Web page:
Bronx Electeds Call for “Complete” Concourse for Buses, Bikes, and People
With momentum building for a complete street and fully-protected bikeway along the Grand Concourse, Council Member Andrew Cohen joined Bronx activists on the steps of the Bronx County Courthouse this morning to call on the city to redesign the street thoroughly and expeditiously.
“The entire length of the Concourse… [represents] a design from the 1950s — all about moving cars as quickly as possible without regard for pedestrian safety.” Cohen said. “We really need to make sure that we’re getting the resources, our fair share of Vision Zero improvements to make this Concourse everything it has been in the past and everything it will be in the future.”
More than 1,000 people have been injured and 13 have been killed on the Concourse in the last four years, according to city data. In light of the staggering losses, Transportation Alternatives has called on the city to bring protected bike lanes, dedicated bus lanes, and safer sidewalks and crosswalks to the entire length of the Grand Concourse. So far, more than 3,000 people have signed on to TA’s “Complete the Concourse” campaign.
The effort also has the support of the Bronx Health REACH Coalition, which aims to combat the high rates of diabetes and heart disease in the southwest Bronx. “We have one of the highest rates of obesity in the Bronx, and having a safe Concourse means people will want to get out, they’ll be able to ride their bikes and they’ll feel much safer,” said Amril Hamer, who lives near the Concourse at 165th Street and Gerard Avenue.
Hamer, who bikes in the neighborhood, said the Grand Concourse’s current un-protected bike lanes leave much to be desired. “They don’t have that bike lane infrastructure in place, so we’re competing with the double-parked cars, somebody maybe opening a car door on you or something like that, so it’s not safe at all,” she said.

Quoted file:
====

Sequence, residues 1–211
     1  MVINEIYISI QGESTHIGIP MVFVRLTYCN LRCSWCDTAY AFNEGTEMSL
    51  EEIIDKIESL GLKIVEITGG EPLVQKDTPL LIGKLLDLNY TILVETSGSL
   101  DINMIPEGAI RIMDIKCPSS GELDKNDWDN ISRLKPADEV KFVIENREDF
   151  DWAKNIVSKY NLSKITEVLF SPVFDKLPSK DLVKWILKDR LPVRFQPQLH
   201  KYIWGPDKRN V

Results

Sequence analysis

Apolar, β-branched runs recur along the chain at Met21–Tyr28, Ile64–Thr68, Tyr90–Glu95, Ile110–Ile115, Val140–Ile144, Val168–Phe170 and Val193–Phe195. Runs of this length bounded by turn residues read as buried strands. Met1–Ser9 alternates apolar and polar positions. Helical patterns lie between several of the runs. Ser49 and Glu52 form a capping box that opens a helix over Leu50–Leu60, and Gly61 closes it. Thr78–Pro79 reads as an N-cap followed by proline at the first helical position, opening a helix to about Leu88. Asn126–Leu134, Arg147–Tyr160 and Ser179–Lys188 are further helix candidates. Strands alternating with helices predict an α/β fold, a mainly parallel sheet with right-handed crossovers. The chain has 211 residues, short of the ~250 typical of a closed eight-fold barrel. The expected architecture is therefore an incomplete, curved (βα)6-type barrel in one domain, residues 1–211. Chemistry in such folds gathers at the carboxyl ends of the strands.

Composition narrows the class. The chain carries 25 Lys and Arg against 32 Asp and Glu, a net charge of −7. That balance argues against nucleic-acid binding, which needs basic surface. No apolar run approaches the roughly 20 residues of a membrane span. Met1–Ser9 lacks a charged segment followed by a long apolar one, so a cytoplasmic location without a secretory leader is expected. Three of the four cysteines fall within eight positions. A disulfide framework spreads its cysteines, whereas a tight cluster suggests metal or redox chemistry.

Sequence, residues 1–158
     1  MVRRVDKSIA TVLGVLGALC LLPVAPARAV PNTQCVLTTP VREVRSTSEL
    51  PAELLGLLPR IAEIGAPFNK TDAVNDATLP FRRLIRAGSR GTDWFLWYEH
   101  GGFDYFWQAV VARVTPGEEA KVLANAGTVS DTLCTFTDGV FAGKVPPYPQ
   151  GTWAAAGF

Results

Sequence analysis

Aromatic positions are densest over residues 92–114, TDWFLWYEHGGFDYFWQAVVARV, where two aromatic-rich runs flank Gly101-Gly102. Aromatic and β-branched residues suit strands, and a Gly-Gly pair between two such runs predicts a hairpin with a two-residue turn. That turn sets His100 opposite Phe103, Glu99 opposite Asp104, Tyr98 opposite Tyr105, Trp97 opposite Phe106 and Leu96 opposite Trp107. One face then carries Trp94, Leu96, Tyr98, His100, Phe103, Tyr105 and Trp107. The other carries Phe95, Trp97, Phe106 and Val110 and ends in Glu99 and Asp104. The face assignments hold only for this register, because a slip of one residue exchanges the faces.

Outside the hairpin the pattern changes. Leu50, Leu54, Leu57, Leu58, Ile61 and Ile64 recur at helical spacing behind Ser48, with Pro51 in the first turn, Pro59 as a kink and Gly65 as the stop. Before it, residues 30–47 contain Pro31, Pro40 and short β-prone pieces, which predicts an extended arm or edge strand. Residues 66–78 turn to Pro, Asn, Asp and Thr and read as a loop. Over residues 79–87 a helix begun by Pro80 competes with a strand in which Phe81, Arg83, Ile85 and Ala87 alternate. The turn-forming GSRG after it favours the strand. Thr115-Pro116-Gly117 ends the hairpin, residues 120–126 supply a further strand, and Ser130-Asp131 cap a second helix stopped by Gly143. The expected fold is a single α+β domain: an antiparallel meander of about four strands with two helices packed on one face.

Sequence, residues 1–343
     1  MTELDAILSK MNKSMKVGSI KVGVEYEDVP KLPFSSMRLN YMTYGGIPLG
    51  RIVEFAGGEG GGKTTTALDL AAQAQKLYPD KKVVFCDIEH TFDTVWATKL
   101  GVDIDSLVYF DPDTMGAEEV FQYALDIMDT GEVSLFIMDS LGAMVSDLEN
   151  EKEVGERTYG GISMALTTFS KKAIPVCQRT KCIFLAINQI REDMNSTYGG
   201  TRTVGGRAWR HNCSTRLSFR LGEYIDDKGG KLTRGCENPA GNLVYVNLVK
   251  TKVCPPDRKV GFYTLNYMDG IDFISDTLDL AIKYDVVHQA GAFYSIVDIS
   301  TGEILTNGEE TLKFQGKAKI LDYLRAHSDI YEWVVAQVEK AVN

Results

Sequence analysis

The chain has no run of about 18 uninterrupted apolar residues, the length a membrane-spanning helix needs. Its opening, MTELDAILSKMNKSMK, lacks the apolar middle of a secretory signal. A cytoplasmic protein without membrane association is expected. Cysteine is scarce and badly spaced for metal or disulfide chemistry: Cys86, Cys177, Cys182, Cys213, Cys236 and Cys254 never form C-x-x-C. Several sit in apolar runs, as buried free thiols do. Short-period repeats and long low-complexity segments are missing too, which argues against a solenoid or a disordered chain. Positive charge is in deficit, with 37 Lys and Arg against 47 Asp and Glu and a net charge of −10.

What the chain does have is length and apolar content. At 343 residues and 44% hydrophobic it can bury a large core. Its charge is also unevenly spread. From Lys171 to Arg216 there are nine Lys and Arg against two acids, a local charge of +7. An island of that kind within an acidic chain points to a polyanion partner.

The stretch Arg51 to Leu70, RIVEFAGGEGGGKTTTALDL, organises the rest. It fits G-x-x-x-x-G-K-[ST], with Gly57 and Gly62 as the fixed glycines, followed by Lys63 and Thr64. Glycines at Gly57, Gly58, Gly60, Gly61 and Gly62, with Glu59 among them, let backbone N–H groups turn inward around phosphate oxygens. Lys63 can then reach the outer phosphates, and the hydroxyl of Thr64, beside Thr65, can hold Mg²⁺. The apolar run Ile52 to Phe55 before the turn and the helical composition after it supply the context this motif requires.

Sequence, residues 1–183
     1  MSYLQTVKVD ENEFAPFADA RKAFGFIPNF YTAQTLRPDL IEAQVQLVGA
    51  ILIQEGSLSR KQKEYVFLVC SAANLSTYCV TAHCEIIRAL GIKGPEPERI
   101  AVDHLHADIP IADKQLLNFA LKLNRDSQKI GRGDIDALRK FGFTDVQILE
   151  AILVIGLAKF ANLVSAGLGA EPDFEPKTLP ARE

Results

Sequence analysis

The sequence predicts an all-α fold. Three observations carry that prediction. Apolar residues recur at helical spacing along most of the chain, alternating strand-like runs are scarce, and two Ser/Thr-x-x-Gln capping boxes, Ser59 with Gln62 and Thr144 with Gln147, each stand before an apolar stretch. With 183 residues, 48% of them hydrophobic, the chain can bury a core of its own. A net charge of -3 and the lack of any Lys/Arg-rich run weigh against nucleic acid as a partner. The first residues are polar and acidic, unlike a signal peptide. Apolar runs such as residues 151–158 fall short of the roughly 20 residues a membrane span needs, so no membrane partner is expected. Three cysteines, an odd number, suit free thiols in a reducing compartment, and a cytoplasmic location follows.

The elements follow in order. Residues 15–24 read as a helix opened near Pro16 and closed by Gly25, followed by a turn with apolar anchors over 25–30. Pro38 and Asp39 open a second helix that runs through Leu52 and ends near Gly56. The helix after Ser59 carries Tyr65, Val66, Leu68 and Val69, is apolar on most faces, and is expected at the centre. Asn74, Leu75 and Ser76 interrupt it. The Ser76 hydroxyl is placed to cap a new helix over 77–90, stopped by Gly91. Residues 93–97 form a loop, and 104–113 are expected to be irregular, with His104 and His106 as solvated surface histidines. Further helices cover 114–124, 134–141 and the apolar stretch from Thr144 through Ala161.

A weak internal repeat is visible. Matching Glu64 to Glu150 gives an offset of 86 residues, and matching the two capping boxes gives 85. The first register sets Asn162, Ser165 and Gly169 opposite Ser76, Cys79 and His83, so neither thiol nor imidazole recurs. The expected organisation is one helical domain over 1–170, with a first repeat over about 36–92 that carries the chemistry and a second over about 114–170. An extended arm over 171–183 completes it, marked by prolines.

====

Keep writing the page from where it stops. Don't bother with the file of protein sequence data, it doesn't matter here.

After Bronx Borough President Ruben Diaz, Jr. endorsed safer bike lanes on the Concourse in February, DOT said it would “replace and upgrade existing bike lanes” on the Concourse. The next month, the agency proposed a package of safety fixes for the corridor south of 158th Street that did not include any bike lanes [PDF]. Then in June, DOT presented a capital project for 166th Street to 175th Street that would eventually build out raised, protected lanes along the service road medians, but did not give a timeline [PDF].
Before the full capital construction project, DOT plans to realign the buffered bike lane along the median, which may reduce double-parking but won’t provide physical protection. DOT will host public workshops this fall about the next phase of the Grand Concourse reconstruction project, which will run from 175th Street to Fordham Road.
That project won’t reach Cohen’s district, which includes the eight northernmost blocks of the corridor. He wants to see a similar redesign further north.
Council members Vanessa Gibson, Fernando Cabrera, and Ritchie Torres were not in attendance but provided statements of support. Last month, Gibson became the fifth Bronx council member to endorse the campaign, joining Cohen, Cabrera, Torres, and Rafael Salamanca. Of the six council members who represent the Grand Concourse, only Council Speaker Melissa Mark-Viverito has yet to sign on.
“The potential dangers posed by the Grand Concourse make it long overdue for a redesign. The City should move promptly to revamp the corridor to protect public safety and ensure it can tackle increased traffic demands,” Torres said in a statement.